It seems as though we hear about overtraining pretty often, and as an OCR trainer, I hear the question from my clients somewhat often. “Am I overtraining?” I usually hear this after a hard week or a series of hard weeks before a de-load week.
Everyone’s body reacts differently to exercise based on their level of training, but we all will eventually reach a level of over-training and this article is aimed at giving you a better understanding of what that is and how it looks. The term “Overtraining”, I personally feel as though this is a commonly overused word used to describe normal aches and pains from training. The term “Overtraining” can be broken down into a few categories that are fairly textbook. The first category is overreaching.
Am I Overtraining?
Overreaching is the basis of what every good trainer’s program. Overreaching is the idea of pushing your body past its comfort levels to elicit an adaptation. Another way trainers focus their training is based on the General Adaptation Syndrome (GAS) [Selye, H. 1936, nature]. The GAS proposed by Han Selye in the 30’s states that when an organism is exposed to stress that organism will have a drop in performance, however, there is a resistance phase in which the organism recovers not just to normal but to a higher level than before in order to overcome that stress. If you apply this to training, if your trainer gives you a workout that causes you to be sore, they have applied a stress to the system. A good stress, but still a stress. The body then recovers to a higher level and we become better. That is how a good program works. You are sore for a couple days, your body recovers and you can go hit it again.
The next step in the process is acute overtraining. Usually after a training cycle, with few to no recovery periods or off days, the soreness doesn’t go away and performance drops can last a few weeks to a month before they recover previous levels. No injury has to occur for overtraining to exist.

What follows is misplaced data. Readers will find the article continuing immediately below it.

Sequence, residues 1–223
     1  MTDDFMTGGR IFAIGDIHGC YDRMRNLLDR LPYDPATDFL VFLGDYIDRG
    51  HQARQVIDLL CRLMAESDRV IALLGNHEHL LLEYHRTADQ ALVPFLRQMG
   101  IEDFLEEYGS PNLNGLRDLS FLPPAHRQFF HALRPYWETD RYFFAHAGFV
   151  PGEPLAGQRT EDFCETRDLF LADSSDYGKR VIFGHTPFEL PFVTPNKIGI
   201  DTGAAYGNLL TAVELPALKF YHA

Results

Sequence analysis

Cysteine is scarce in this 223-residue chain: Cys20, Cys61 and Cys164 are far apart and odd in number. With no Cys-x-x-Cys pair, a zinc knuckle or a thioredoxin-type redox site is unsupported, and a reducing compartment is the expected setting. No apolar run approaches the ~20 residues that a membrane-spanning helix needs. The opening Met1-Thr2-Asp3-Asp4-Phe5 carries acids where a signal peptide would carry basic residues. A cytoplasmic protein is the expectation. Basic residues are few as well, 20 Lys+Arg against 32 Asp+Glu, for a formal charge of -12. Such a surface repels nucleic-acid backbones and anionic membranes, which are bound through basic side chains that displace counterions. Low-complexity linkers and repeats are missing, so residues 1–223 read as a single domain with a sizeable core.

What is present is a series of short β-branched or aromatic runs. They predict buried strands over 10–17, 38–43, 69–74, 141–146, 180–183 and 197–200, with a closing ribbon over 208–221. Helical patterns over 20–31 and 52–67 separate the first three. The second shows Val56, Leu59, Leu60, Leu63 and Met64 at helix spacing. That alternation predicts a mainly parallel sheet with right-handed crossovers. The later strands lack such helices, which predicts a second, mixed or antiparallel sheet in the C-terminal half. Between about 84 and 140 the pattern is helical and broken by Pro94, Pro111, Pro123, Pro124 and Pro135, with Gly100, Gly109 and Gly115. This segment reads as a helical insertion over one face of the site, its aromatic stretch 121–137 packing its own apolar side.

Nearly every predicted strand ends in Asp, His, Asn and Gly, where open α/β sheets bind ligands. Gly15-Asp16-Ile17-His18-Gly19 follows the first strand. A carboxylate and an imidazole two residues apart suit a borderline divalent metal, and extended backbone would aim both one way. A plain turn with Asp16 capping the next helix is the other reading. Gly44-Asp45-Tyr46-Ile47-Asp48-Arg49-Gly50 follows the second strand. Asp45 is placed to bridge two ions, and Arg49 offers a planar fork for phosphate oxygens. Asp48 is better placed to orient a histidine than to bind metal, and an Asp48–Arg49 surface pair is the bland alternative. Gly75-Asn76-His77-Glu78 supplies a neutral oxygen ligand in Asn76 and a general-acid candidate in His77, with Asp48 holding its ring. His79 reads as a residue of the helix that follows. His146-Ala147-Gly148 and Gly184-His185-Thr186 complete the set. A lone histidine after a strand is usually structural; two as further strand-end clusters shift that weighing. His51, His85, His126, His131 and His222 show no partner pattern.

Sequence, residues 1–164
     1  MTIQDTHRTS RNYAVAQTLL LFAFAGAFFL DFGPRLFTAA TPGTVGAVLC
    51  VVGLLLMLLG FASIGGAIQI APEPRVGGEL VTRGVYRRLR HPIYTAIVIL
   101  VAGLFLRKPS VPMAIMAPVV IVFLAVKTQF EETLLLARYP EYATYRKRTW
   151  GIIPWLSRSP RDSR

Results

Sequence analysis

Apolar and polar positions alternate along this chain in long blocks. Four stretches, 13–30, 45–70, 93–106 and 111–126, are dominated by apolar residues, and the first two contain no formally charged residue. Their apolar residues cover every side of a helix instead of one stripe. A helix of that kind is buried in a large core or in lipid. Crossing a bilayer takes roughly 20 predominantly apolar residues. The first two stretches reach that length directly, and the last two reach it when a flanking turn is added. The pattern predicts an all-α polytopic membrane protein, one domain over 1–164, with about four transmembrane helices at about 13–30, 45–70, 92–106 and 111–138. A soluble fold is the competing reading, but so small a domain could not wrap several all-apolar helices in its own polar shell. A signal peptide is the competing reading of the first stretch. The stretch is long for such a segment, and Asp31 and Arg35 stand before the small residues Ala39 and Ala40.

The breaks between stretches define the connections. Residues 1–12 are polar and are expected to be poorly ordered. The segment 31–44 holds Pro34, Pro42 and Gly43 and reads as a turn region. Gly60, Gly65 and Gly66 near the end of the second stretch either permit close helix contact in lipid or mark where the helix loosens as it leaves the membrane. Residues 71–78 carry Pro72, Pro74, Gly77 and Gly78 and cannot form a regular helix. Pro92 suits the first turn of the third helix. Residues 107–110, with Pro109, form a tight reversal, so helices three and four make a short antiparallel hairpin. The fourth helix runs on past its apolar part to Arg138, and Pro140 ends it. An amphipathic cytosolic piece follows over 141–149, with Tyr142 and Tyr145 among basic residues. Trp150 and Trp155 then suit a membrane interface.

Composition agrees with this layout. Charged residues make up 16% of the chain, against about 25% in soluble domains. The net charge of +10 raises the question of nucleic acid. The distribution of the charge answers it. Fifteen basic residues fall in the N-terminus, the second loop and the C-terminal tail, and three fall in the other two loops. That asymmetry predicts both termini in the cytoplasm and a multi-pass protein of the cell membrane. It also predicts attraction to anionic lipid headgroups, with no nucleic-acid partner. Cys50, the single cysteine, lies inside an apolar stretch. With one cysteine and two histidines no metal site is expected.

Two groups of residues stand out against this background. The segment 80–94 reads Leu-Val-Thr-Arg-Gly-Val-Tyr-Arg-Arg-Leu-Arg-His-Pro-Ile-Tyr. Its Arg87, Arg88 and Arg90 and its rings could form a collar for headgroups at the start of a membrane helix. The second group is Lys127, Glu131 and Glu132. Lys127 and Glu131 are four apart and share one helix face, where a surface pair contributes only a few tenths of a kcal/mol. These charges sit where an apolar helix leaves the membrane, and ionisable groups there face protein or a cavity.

Finally, the most severe case of over-training is chronic overtraining. This particular condition is commonly seen in very driven or “Type A” individuals that feel if they take a day off they will miss an opportunity to improve, or that others may catch up to them. Chronic overtraining is usually the result of years of intense training and racing (or other events) with no true downtime. The chronic stage can have implications on not only your performance levels but also with hormonal responses to exercise and even hormone levels in general sometimes taking months to recover, some cases even over a year.
So how do you avoid overtraining? Be smart, listen to your body. If it hurts to try to define the pain. Is it a sharp pain like someone is poking you with a needle? If so you may need to see a medical professional, or at the very least rest until that pain stops with activity. A sharp pain is usually a sign that your body is telling you something is wrong. If your pain is more of a general ache where you are sore from a workout, or it feels like your big brother just punched you in the leg, you are probably ok to continue the activity.
However, be aware of that ache that doesn’t go away.
Tendonitis is a common ache that many obstacle course racing athletes from elite to open wave deal with, if not properly cared for. What was once just an inflamed tissue can progress to tendonosis, in which the inflamed tendon begins to deteriorate thus opening the athlete to a greater risk of injury. Be aware of what is going on with your aches and pains and be honest with yourself about them. As a racer, I would rather miss one week of training in caring for a minor injury opposed to pushing through that injury to have multiple weeks to months of recovery later. That being said if you are closed to an important event or championship race in your season that is a factor you as the athlete will have to weigh for yourself.
Another way to avoid over-training is to find a trainer. Many quality trainers out there will periodize your training, meaning you will have phases in your training. Some phases will be large phases, like an offseason or in-season training. Inside of those big phases are smaller phases where the trainer should be focused on specific adaptations towards your overall goals. At some point, usually every 4-6 weeks, there will be a de-load phase.
For my clients, there is a week of training every month or so depending on race schedule where they will have a decreased load for the week. Be it total miles, or reps in the weight room they will be doing less work that week. Normally for my clients, I reduce the load for both strength work and endurance. Why? If you look back at the GAS model our body needs time to respond to the new stress we applied. That lighter week give the body that time it needs without completely resting for a full week. In some of the more serious cases of over-training, some people may need a full week off for their body to recover. If you talk with a marathoner or ultra runner they may even tell you they need a month to get back to normal after an event.
Every piece of over-training is dependent on the individual athlete and how they respond to the training stimulus.Once you know the difference between the three categories, you should be set to achieve your goals this season.